10. Now, let’s provide users from the “CONFIDENTIAL Users” M365 Group, with members permission on the site. Thus, allowing the users to add, edit and share content in the site
This is a side-track from the purpose of this blog, however it is important to highlight the most efficient method for configuring site access.
There are multiple ways to achieve the site access configuration. An Azure AD admin can add individual users as members of the “Trade Secrets” M365 Group created when the site is provisioned. With this method, the administrator will have to refer to the “CONFIDENTIAL Users” M365 Group members list.
The owner of the site can bulk add users from “CONFIDENTIAL Users” as members of “Trade Secrets” M365 Group, thus giving all the individual users edit permission on the site. This can be done from Outlook by selecting the invitation email, where you will be able to see the “Group” menu bar. This exposes the functionality to add members to the site’s M365 Group. Through this method all the members from the source group are automatically added and the owner can then choose to remove specific users or elevate their permissions if needed.
Observe how all members from source “CONFIDENTIAL Users” M365 Group have been added and the owner has the ability to drop a user or provide owner permissions.
11. The final option is to add the “CONFIDENTIAL Users” group to the site’s SharePoint group. This is the recommended way of assigning permissions in SP as the permissions are evaluated for the group and not individual users which makes it more efficient. When a user is removed from the group in Azure AD, they automatically lose access to the site and its content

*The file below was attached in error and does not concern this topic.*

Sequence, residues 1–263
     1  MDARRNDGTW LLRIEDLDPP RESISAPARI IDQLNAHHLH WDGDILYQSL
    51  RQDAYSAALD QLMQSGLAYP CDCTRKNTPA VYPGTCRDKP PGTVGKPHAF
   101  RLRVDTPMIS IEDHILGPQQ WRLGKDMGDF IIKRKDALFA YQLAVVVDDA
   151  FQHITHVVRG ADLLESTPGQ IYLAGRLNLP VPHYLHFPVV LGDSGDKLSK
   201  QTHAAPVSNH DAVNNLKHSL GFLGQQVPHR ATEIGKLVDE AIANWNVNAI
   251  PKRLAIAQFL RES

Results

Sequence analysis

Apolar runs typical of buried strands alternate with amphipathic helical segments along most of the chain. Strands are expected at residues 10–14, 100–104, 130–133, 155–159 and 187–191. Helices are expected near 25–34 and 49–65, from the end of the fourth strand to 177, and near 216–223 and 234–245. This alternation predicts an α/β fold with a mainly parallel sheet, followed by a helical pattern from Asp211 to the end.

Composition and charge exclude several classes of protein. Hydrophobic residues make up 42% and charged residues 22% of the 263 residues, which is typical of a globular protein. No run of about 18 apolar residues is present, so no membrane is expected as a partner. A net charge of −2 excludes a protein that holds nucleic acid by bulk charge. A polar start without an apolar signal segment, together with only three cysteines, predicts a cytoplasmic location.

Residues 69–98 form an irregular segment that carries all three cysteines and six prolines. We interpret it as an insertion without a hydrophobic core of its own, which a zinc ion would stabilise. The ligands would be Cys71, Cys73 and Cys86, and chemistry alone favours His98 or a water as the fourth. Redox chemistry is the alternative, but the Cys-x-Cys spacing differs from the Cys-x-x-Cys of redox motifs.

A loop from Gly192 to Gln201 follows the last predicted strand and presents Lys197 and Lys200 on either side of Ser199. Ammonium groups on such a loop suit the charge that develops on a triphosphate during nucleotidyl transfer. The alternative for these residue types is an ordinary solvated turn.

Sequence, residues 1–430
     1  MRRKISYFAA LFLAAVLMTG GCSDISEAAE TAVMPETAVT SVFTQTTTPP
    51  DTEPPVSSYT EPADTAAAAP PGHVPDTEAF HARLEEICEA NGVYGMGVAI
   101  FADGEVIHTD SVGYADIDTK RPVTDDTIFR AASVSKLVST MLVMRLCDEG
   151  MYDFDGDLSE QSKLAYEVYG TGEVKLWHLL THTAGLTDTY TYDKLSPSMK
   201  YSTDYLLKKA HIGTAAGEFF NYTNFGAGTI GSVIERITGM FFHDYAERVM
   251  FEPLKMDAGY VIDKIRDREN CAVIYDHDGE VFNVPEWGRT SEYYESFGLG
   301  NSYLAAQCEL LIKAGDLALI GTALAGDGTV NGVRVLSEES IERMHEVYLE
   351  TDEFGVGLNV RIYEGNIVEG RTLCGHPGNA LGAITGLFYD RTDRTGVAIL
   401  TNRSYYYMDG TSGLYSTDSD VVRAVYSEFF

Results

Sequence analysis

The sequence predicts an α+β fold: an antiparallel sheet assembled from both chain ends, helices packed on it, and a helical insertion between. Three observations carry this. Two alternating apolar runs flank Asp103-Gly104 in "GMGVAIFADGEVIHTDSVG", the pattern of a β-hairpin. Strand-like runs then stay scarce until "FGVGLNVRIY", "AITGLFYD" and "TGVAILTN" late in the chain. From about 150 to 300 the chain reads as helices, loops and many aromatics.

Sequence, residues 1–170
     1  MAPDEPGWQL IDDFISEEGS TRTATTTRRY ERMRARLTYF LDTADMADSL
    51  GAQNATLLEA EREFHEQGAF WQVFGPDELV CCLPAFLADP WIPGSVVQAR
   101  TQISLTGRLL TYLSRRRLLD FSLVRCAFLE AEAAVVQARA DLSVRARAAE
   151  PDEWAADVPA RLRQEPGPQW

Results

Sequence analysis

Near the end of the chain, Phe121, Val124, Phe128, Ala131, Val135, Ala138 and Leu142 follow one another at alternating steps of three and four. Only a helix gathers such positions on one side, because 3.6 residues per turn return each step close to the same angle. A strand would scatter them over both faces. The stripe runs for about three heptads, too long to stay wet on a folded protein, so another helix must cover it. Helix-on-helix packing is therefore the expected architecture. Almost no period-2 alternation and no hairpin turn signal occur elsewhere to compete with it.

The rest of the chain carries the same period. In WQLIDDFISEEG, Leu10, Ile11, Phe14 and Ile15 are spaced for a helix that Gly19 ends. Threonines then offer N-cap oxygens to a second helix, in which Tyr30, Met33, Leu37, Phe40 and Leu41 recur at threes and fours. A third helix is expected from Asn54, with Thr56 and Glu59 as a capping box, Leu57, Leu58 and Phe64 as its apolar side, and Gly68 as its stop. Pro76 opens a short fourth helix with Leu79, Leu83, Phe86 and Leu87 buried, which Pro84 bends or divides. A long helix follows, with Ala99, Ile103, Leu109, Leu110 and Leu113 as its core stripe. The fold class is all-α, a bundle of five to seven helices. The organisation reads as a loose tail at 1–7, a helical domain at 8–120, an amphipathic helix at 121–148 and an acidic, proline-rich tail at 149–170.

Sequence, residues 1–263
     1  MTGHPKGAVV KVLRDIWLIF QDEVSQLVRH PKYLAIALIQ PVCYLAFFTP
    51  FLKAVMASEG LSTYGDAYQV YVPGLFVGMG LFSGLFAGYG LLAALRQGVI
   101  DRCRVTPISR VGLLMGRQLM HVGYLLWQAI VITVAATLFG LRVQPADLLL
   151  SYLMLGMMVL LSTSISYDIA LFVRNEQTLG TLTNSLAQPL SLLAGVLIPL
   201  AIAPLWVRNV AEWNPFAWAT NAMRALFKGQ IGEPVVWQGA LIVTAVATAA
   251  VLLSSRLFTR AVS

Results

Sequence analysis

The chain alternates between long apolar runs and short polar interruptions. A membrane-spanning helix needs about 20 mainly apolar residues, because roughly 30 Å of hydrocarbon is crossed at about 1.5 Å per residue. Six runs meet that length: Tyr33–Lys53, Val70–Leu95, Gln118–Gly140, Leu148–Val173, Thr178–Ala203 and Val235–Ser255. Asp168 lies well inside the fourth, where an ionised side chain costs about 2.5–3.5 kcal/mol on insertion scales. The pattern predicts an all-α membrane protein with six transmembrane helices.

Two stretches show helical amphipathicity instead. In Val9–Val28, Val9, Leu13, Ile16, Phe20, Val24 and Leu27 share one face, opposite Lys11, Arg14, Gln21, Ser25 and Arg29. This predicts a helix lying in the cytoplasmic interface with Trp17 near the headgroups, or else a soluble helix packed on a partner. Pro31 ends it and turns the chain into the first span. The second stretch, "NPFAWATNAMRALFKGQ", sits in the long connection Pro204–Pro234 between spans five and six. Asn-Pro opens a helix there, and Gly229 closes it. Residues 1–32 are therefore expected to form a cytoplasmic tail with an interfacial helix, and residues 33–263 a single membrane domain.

Observe how the site has been labelled as “CONFIDENTIAL”
12. Now the setup is in place; we test external sharing as a member of the site by inviting:
- An external user who does not exist in AAD
- An external user who exists in AAD
Observe how AAD CA protection has kicked in and made the user aware of the limited capabilities.
Observe the difference in features available on the content when accessing from an unmanaged device
The user is unable to share content with an external user who does not exist in AAD
The user is allowed to share content with an external user who already exists in AAD
The user is unable to share the site with external user who does not exist in AAD
The user is allowed to share the site with external user who already exists in AAD
As you can see, by applying a label at the container level, additional protection features can be easily invoked to protect the container and its content.
Additional background on Information Protection through Identity is available in this blog by Lee Foster, Global Head of Advisory at Insentra.